Differences in staff feelings of control over practice between staff who worked in the interventional group EDs and those who worked in the control group EDs were also tested. The interventional group ED staff felt that they had control over their practice based on the feelings that they had adequate support services to enable them to spend adequate time with patients, ample time to discuss patient care issues with other staff, and an adequate number of staff to provide quality patient care; that patient care assignments fostered continuity of patient care; and that they had good managers and leaders (P = .0006). On the other hand, staff who worked in the control group EDs did not feel that they had as much control over their practice.
The result of interpersonal relationships between the nurses and the physicians is one of the pieces of evidence of the effect of the ETCC, to make teamwork operational in the ED. The training focused on strategies to maintain team structure and climate, solve problems, maintain team communication, carry out plans and manage workload, and improve team skills.11,18 Based on the findings of the present study, it appears that the interpersonal relations between nurses and physicians significantly improved in the interventional group over the control group.
There was an association between RN/MD teamwork in the ED and staff perceptions of the job environment (P = .0006), autonomy (P < .0001), and control over practice (P = .0006). In all 3 variables, the interventional group staff had higher perceptions than did their counterparts who worked in the control group EDs.
The theoretical framework of this study, based on Donabedian’s S-P-O, indicated that structures, like the teamwork training program, would affect the processes of the ED that include supervisory support and staff communication, and the result would be better outcomes, such as perceptions of the job environment, autonomy, and control over practice. Although this research identified positive staff outcomes, it did not identify significant patient results; future research might further examine the relationship between improved staff outcomes and patient outcomes.
This study was conducted over a period of 3 years in multiple hospital EDs in Northern and Southern California. Despite the scope and multiple methods of data collection and analysis, there were certain limitations. First, the use of cross-sectional design did not allow for a longitudinal study of the effect of RN/MD teamwork in the ED on staff outcomes. Findings of this study are a snapshot of the effect of RN/MD teamwork in the ED on staff outcomes of both the interventional and control groups; therefore, findings of this study should be interpreted with caution. However, the positive results of the teamwork training had lasted 2 to 3 years. Second, this is a nonexperimental study that did not provide the ability to establish cause-and-effect relationships. Third, there was an inability to show that there were no other confounding variables (factors) such as similarities of the facilities or lack of similarities, accounting for the findings. Fourth, although 8 EDs throughout California participated in the study, the use of convenience samples might have contributed to a lack of generalizability.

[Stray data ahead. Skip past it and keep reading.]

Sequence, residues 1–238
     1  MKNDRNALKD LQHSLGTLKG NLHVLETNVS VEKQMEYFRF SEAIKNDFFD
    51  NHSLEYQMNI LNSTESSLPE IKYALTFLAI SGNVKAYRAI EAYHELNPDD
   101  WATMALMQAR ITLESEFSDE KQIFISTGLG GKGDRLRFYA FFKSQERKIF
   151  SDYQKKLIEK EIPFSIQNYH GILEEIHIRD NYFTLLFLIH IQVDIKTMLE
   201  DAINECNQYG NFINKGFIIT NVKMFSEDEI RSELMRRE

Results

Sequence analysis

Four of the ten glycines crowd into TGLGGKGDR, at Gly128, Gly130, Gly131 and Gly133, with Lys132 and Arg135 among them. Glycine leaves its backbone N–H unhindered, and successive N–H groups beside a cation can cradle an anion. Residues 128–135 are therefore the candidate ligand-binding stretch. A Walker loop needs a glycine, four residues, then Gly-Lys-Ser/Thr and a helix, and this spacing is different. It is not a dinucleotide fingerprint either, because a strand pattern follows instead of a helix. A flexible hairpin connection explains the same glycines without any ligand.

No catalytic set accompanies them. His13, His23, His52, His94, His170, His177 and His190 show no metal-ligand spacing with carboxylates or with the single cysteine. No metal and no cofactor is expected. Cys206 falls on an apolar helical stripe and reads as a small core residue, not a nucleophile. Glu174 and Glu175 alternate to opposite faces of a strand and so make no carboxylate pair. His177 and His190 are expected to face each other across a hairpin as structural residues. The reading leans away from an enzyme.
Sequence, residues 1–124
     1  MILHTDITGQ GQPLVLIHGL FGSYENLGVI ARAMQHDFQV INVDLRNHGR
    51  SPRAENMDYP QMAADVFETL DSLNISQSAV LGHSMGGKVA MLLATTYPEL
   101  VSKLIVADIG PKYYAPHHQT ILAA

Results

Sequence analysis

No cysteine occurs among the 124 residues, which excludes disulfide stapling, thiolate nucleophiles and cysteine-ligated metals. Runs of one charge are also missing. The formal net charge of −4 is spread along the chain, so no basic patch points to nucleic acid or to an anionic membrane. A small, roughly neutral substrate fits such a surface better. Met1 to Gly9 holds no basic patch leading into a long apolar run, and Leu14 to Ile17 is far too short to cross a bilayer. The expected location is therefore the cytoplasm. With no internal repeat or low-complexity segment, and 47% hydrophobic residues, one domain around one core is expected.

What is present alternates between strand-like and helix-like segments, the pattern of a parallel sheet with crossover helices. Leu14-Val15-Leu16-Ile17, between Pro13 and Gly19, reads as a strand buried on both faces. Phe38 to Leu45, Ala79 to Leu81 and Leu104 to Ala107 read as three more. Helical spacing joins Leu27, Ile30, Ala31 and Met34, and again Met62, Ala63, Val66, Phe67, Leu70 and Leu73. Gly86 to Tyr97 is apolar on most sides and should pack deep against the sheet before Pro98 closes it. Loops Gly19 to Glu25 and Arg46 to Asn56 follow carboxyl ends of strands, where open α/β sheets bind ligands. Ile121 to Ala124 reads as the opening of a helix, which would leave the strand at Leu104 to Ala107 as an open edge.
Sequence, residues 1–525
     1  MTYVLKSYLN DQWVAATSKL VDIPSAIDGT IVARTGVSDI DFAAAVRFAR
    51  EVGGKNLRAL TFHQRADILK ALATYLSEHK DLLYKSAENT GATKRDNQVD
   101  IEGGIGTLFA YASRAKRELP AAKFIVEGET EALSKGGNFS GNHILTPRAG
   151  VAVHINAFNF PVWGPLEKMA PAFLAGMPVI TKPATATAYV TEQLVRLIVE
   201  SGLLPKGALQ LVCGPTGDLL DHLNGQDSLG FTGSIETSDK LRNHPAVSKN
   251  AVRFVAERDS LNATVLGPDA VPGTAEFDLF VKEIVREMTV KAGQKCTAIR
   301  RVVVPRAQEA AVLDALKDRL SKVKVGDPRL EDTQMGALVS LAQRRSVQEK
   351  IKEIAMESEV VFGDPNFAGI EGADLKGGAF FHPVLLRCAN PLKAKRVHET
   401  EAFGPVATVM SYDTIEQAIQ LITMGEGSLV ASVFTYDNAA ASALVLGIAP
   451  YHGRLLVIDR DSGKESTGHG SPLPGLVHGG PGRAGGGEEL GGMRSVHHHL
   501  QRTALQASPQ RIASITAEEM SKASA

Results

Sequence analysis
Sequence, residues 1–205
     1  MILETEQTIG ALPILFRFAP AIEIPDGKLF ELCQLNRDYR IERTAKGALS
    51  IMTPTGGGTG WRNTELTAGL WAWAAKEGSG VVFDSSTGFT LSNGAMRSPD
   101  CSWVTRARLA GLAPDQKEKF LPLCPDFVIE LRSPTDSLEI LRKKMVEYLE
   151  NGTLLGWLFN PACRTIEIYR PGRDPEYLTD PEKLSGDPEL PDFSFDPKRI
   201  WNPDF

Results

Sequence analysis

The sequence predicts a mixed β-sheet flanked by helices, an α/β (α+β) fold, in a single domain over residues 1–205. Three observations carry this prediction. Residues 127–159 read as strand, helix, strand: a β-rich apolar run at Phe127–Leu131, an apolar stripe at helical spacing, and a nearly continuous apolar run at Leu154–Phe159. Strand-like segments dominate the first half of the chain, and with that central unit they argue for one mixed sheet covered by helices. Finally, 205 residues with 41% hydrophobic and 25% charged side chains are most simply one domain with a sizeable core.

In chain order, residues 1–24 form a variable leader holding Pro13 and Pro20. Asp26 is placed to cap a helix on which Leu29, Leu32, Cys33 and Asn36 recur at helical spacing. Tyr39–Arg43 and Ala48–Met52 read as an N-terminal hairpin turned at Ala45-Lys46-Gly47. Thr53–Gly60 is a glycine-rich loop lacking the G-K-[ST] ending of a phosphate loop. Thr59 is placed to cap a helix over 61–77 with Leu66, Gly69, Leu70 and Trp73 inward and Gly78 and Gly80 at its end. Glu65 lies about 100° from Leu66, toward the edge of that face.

This study showed the positive effects of RN/MD teamwork in the ED on perceptions of the work environment, autonomy, and control over practice setting for both MDs and RNs.
The results of this study pointed to the value of investing resources in RN/MD teamwork in the ED. Through teamwork, RNs and MDs could combine their expertise and coordinate good quality care to the patients while maintaining a positive environment for both disciplines to thrive.
This may affect patients’ outcomes, as well as staff enjoyment of the job environment. Although both RNs and MDs have common goals of providing quality healthcare and comfort to the patients, the traditional relationship between them has been that of MD dominance and of nurse deference.19-21 Nurses in a qualitative study expressed the need to state their information in such a way to be acceptable to not be summarily dismissed by physicians. The nurses also stated that their involvement in RN/MD decision making and problem solving was disrupted by the hierarchical status between nurses and MDs. In this form of hierarchical status, physicians’ inputs were more valued than the nurses’ inputs and communication between nurses and physicians was not considered as communication of equals and nurse’s contributions were often set aside.22,23 However, other studies showed that nurses are no longer having to accept subordinate positions in healthcare but are working as equal partners with MDs in patient care.19,24 Partnerships could be possible through genuine teamwork practice between the RNs and the MDs, not only in the ED but also in any healthcare setting that embraces genuine teamwork. Teamwork, preceded by effective teamwork training, could serve as an equalizer of hierarchies between the RNs and the MDs in the ED. Then, nurses and physicians could thrive in their individual roles and effective coordination would contribute to quality patient care.
The authors express their gratitude to Dr J.C. Morey, who introduced them to hospital EDs that had undergone his ETCC. His recommendations and support made it possible for some of those hospital EDs to participate in this study.
The authors also thank the nursing managers, nursing directors, physicians-in-charge, and medical directors for giving them permission to collect data in their institutions. The authors are very thankful also to the staff and patients of the 8 participating institutions for taking the time to participate in this study.